In 2009, Ataka got 395 707 votes (9.4 per cent) and in May 2013, 258 481 (7.29 per cent). Again, all for this year’s vote for Ataka being negatively affected by competition from splinters from Ataka, to say nothing of the scandals around Siderov and his cohorts during the terms of the 40th and 41st National Assemblies.
IN 2011, Siderov tried again in the presidential race. Among an initial field of 18 candidates, he was eliminated at the first round, getting 122 466 votes, or 3.64 per cent.
As to the Movement for Rights and Freedoms, as The Sofia Globe reported earlier this week, in May 2013 it won almost half of the votes cast abroad – a proportion similar to the number of voters who cast their ballots in Turkey, out of all countries in which polling took place.
But that figure, while still an indication of the party’s capacity for organisation, is down by 10 per cent on the MRF performance in the vote abroad in 2009.
Overall, the MRF won 467 400 votes in 2005 (12.8 per cent); 542 381 in 2009 (14 per cent); and 400 466 in May 2013 (11.3 per cent). Again, like Ataka, the MRF now has rivals fishing in the same pond, mainly in the party formed around Ataka splinter leader Kassim Dal.
GERB vs BSP
Roumen Petkov, a veteran BSP member and, as one of the Purvanov camp, a figure firmly pushed aside under socialist leader Sergei Stanishev, repeated after the May 12 vote that Stanishev again had proved himself to be the master of losing elections.
To a large degree, this is true.
Stanishev became leader of the BSP when Purvanov had to resign the socialist leadership on being elected head of state. The former Purvanov protégé took the party into a succession of parliamentary, municipal and other elections and in no case secured victory.
When Purvanov stood for a second term in 2006, he did so, technically, as an independent, not the candidate of the BSP. That denies Stanishev the claim of victory.
Similarly, in 2005, the BSP had the largest share of votes, but not enough to be decisive, which in turn spawned the Purvanov-brokered tripartite coalition.
In all other elections that matter – parliamentary, for the European Parliament, for major cities – the BSP suffered defeat at the hands of Borissov’s GERB. Even though Borissov is in no position now to win parliamentary approval for a government after the May 2013 elections, GERB still won more votes than the BSP.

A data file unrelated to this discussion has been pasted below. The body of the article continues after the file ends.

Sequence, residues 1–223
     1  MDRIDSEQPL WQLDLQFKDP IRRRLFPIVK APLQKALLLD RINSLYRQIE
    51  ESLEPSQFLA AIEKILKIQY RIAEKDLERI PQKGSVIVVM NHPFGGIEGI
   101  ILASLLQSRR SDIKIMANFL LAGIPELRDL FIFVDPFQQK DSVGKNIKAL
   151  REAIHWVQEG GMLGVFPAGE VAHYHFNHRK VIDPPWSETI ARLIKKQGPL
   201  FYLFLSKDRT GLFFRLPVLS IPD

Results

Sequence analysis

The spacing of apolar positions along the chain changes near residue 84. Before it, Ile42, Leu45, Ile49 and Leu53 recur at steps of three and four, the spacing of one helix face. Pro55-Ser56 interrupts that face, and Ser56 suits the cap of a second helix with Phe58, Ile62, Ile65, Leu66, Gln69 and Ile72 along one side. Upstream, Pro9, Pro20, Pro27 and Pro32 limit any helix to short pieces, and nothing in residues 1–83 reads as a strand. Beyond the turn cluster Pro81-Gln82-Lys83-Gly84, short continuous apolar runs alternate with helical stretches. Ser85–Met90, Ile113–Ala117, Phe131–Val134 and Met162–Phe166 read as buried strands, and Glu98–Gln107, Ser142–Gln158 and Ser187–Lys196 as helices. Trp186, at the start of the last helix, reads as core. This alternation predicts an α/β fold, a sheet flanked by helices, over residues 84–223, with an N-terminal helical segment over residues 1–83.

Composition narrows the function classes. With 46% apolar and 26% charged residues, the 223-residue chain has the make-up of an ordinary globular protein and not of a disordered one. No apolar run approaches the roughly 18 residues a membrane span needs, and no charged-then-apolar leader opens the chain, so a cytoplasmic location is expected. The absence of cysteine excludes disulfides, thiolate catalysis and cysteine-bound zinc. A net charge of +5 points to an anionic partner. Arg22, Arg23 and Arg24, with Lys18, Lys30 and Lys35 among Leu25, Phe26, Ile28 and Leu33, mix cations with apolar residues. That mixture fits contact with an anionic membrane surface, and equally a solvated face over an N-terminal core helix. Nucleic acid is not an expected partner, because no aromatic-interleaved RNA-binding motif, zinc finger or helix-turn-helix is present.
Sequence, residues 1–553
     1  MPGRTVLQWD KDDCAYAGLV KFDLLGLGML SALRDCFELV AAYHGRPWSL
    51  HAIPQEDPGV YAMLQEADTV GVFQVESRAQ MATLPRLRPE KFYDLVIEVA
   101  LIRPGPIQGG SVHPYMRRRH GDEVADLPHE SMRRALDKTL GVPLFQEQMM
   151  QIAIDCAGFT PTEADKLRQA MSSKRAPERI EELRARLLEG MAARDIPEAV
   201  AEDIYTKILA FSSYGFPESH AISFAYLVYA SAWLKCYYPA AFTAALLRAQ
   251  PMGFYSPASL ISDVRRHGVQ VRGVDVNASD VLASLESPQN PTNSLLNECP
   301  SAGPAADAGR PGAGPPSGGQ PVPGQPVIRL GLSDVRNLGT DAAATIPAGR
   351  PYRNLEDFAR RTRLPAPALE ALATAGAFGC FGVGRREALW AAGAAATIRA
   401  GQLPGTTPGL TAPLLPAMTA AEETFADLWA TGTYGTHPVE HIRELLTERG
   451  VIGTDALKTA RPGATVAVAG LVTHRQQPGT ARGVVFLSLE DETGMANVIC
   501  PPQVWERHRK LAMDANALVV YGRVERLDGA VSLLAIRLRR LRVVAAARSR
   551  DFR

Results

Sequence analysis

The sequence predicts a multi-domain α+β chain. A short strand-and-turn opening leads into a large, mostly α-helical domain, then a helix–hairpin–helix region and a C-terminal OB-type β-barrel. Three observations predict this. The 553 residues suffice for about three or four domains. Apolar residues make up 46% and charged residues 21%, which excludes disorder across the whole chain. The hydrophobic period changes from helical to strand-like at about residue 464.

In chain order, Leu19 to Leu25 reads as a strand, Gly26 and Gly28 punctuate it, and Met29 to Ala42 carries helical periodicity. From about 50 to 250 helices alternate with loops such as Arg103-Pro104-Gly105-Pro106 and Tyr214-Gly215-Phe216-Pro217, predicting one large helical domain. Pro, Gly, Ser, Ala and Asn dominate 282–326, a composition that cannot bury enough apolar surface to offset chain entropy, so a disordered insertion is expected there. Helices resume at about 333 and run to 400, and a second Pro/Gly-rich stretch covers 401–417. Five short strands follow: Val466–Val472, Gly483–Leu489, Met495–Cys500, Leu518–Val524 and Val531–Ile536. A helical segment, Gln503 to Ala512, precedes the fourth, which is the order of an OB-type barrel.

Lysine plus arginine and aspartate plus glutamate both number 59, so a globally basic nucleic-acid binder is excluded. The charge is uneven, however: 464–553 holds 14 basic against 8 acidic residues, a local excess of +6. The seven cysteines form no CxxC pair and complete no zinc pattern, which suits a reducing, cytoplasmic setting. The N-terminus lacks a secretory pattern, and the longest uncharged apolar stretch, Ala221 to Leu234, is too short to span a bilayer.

Further, there is an overall drop in numbers voting for the BSP, but not percentages.
In 2005, the BSP got 1 129 196 votes; in 2009, 748 114; and in May 2013, 942 541, meaning that this time out, Stanishev’s BSP again failed to surpass the psychological one-million barrier (through circumstances, getting to run the country may be some compensation).
The percentages, however, were: 2005, 21 per cent; 2009, 17.7 per cent; and in May 2013, 26.6 per cent. The percentages alone show a clear gain for the BSP under Stanishev. Yet again, still not the largest percentage.
GERB got the largest share in May 2013 but its shedding of votes has been the most significant. In July 2009, Borissov’s party got 39.7 per cent with 1 678 583 votes. In the Bulgaria after the winter political crisis of early 2013, GERB mustered 30.5 per cent with 1 081 605 votes.
This recitation of numbers may leave the brain buzzing, but even allowing for the changing line-up of contestants that affects overall election results, one political conclusion is clear.
Borissov, who on resigning sought a “credit of confidence” to return to office after the elections, won the largest share of votes but finds himself blocked on all sides, and for now, faces the prospect of heading the country’s best-supported political party denied the opportunity to govern.
Stanishev, heading the socialists, has improved his party’s performance, but without the satisfaction of getting more votes than Borissov’s party. A “victory”, if it is to take the form of the “programme government” of “experts” that the BSP leader talks about, will be only an opportunistic one, dependent on the two other parties that won seats. It is victory by default, the victory of the athlete who managed only a lagging silver but then steps up one place on the podium because the gold medal winner was caught doping.
The big picture from all these figures, especially if taking into account all the votes that went to parties and their voters that will not be represented in Parliament, is that this – inescapably – must go down as the election that everyone lost.
(Photo: David Hartman/sxc.hu)